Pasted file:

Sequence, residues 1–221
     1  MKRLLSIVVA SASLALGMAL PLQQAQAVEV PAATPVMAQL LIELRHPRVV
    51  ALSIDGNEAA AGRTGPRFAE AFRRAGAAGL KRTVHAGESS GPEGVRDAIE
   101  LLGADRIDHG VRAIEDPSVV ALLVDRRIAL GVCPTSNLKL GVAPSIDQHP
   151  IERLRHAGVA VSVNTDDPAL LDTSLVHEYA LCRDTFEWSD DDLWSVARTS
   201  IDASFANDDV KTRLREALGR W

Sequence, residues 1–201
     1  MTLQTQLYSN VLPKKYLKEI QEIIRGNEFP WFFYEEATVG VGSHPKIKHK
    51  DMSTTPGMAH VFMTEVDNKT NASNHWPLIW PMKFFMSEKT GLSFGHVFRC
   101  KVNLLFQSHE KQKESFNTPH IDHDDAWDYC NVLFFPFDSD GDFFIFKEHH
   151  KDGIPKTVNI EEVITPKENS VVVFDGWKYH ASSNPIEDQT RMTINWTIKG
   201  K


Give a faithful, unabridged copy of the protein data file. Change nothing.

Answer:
Sequence, residues 1–221
     1  MKRLLSIVVA SASLALGMAL PLQQAQAVEV PAATPVMAQL LIELRHPRVV
    51  ALSIDGNEAA AGRTGPRFAE AFRRAGAAGL KRTVHAGESS GPEGVRDAIE
   101  LLGADRIDHG VRAIEDPSVV ALLVDRRIAL GVCPTSNLKL GVAPSIDQHP
   151  IERLRHAGVA VSVNTDDPAL LDTSLVHEYA LCRDTFEWSD DDLWSVARTS
   201  IDASFANDDV KTRLREALGR W

Sequence, residues 1–201
     1  MTLQTQLYSN VLPKKYLKEI QEIIRGNEFP WFFYEEATVG VGSHPKIKHK
    51  DMSTTPGMAH VFMTEVDNKT NASNHWPLIW PMKFFMSEKT GLSFGHVFRC
   101  KVNLLFQSHE KQKESFNTPH IDHDDAWDYC NVLFFPFDSD GDFFIFKEHH
   151  KDGIPKTVNI EEVITPKENS VVVFDGWKYH ASSNPIEDQT RMTINWTIKG
   201  K